Thus is the bar for Democratic tantrums over the impending GOP wave raised.

David Harsanyi has a nice round-up today of Democratic coping mechanisms but I don’t think he anticipated out-of-the-box options like this one. Frankly, I’d say we’re at no worse than 50/50 odds for an “Obama should seize all lawmaking powers by emergency decree” op-ed appearing in some American newspaper before the end of the week. He’s already all but done it in matters of war and immigration. Why not go the whole nine yards?

The main impact of the midterm election in the modern era has been to weaken the president, the only government official (other than the powerless vice president) elected by the entire nation. Since the end of World War II, the president’s party has on average lost 25 seats in the House and about 4 in the Senate as a result of the midterms. This is a bipartisan phenomenon — Democratic presidents have lost an average of 31 House seats and between 4 to 5 Senate seats in midterms; Republican presidents have lost 20 and 3 seats, respectively…

These effects are compounded by our grotesque campaign finance system…

Another quirk is that, during midterm elections, the electorate has been whiter, wealthier, older and more educated than during presidential elections. Biennial elections require our representatives to take this into account, appealing to one set of voters for two years, then a very different electorate two years later…

There’s an obvious, simple fix, though. The government should, through a constitutional amendment, extend the term of House members to four years and adjust the term of senators to either four or eight years, so that all elected federal officials would be chosen during presidential election years. Doing so would relieve some (though, of course, not all) of the systemic gridlock afflicting the federal government and provide members of Congress with the ability to focus more time and energy on governance instead of electioneering.

If your goal is to make sure that all federal offices are decided by a “Democratic electorate,” why bother demanding a series of major constitutional changes that no one thinks will happen? It’s simpler to keep the system as is and instead push for a law to make voting mandatory. That’s an even better outcome for Democrats than this stupid plan is, in fact. If you elect the president and all of Congress in a year that happens to be extremely favorable to Republicans for whatever quirky reason, that would mean four years of total GOP control of government. Republicans could do a lot of damage to ObamaCare and the welfare state in that time. (They wouldn’t, of course, because they lack the deep commitment to their agenda that Obama and Pelosi showed in 2010 in passing O-Care, but we’re speaking theoretically here.) The better option if you’re trying to rig the electoral process for lefties, as the two authors here are surely trying to do, is simply require everyone to vote in every election. Registered voters almost always tilt Democratic; if you threaten to fine anyone who doesn’t vote, then the actual electorate will closely resemble that pool of registered voters. Lefties will win every election, and what’s more, they’ll still have a chance to vote in the midterms and check the reigning Republican president just in case the previous election produced a GOP fluke.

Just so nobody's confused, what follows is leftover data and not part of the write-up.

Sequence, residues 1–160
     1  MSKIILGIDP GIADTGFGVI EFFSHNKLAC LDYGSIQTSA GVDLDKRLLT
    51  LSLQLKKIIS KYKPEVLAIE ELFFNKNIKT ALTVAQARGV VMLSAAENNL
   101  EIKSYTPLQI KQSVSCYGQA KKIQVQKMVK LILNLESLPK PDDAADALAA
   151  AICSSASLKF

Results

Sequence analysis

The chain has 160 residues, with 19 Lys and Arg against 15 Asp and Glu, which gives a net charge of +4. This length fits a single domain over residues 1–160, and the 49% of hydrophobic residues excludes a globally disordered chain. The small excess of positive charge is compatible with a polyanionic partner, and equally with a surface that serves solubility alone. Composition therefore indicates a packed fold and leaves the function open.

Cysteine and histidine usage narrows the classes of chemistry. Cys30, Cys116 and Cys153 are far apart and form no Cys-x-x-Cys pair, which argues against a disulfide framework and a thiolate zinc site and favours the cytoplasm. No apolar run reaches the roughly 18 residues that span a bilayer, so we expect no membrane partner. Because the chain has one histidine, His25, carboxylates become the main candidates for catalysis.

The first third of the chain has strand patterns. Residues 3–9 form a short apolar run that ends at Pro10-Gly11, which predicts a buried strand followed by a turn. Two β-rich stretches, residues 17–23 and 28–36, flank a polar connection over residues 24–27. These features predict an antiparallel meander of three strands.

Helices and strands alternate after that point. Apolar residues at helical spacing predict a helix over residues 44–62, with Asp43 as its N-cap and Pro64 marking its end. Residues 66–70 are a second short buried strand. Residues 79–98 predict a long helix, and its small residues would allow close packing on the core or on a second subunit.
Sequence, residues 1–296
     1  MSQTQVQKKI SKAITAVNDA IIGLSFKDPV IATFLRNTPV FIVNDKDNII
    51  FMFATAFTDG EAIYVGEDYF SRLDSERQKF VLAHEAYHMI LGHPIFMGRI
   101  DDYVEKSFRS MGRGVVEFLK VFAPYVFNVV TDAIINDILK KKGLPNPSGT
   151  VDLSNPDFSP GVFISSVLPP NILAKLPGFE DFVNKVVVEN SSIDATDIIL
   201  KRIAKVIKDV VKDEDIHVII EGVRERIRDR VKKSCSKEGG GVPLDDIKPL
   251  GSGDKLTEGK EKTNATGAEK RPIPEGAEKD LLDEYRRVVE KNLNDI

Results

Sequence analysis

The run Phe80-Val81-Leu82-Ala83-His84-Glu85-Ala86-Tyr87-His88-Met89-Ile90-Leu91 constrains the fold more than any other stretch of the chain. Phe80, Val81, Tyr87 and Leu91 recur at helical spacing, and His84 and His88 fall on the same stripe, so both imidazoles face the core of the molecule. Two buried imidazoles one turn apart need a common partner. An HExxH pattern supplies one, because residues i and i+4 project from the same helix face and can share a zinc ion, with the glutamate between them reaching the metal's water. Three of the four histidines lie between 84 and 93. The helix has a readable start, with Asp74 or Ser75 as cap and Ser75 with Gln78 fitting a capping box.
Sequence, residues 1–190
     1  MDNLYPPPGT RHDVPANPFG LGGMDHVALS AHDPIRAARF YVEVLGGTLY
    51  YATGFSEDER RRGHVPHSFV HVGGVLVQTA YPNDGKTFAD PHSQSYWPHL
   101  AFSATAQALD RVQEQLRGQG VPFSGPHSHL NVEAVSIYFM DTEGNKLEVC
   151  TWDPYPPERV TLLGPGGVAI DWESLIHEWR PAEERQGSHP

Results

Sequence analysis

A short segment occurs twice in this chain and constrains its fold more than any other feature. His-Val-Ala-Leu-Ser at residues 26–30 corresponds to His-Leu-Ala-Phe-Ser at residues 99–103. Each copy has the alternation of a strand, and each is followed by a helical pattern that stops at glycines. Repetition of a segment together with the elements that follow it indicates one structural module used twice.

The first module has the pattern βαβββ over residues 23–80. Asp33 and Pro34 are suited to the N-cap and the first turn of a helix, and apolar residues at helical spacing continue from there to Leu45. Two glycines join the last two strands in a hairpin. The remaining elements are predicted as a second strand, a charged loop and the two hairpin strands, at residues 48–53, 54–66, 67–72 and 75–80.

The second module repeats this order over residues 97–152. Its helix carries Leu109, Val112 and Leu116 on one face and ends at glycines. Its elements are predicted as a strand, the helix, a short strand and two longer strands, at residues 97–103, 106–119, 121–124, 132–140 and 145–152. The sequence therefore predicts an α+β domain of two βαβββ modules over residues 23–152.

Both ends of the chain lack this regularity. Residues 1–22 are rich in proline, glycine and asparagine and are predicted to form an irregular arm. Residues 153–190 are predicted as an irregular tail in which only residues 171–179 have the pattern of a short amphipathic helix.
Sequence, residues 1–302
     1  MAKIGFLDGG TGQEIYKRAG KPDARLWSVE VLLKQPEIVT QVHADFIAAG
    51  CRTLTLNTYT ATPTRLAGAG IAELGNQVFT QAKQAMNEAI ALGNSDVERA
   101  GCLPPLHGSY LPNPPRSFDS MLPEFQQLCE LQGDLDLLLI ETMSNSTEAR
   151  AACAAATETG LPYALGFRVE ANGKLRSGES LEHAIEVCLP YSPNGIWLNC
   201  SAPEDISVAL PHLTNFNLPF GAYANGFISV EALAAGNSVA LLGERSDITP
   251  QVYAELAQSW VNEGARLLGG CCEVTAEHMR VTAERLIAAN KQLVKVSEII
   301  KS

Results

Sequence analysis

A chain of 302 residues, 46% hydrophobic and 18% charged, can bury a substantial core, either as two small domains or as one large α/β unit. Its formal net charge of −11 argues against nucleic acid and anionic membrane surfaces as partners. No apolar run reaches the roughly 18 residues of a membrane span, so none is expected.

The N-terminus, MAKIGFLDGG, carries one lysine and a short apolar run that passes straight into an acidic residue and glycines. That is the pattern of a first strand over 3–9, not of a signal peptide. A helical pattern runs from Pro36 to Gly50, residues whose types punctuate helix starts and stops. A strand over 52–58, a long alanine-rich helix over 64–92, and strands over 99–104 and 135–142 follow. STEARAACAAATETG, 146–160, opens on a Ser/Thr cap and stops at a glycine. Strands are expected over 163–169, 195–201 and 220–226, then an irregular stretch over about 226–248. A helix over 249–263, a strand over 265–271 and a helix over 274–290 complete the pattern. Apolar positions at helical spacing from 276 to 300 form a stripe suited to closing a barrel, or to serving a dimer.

The most depressing thing about this piece isn’t the silly petulance of wishing there were no midterms on the eve of a big GOP win. You can understand that as a product of partisanship turned desperate; frankly, I probably would have been open to a “cancel the World Series” argument for a few minutes last week after Bumgarner entered Game Seven with a lead. The most depressing thing about it is that it treats the midterms as an unwelcome obstacle to presidential power at a moment when presidential power has arguably never been greater (in peacetime, at least). That’s a Hopenchange view of democracy if ever there was one. The point about House members being forced to campaign endlessly, 365 days a year, to prepare for their next race as soon as they’re elected is well taken but the price the authors are willing to pay to solve that problem — taking an opportunity out of the people’s hands to steer their government in a different direction — is steep. It’s also a prescription, in theory, for wild policy swings. If the Senate is being elected in its entirety every four years along with the House, then filibuster-proof majorities are bound to be more common. Ideally you want major policy reforms to issue only when there’s a durable national consensus behind them (right, ObamaCare fans?), not a four-year swing one way followed by a four-year swing the other way. Although the answer there, I suppose, is that there is a durable national consensus — a Democratic one — among registered voters. These darned midterms keep getting in the way of it expressing itself. This is, in other words, at heart a Democratic GOTV problem, in which case we need to … change the Constitution to solve it? Huh?

A smarter way to solve the “perpetual campaign” problem while leaving voters with a chance to change course every two years is simply to pass draconian term limits — say, no more than three terms in the House and two terms (or even one term) in the Senate. Logically, the best way to get pols to concentrate on the public welfare rather than their own career ambitions is to truncate those careers as sharply as possible. And yet the authors here would be willing to see people serve in Congress for as many as 24 years before limiting them. Long story short, we still end up with a bunch of careerists in both chambers, except with one-party control of government much more likely and even less accountability for an executive branch that’s rarely been less accountable than it already is. Sounds like a plan.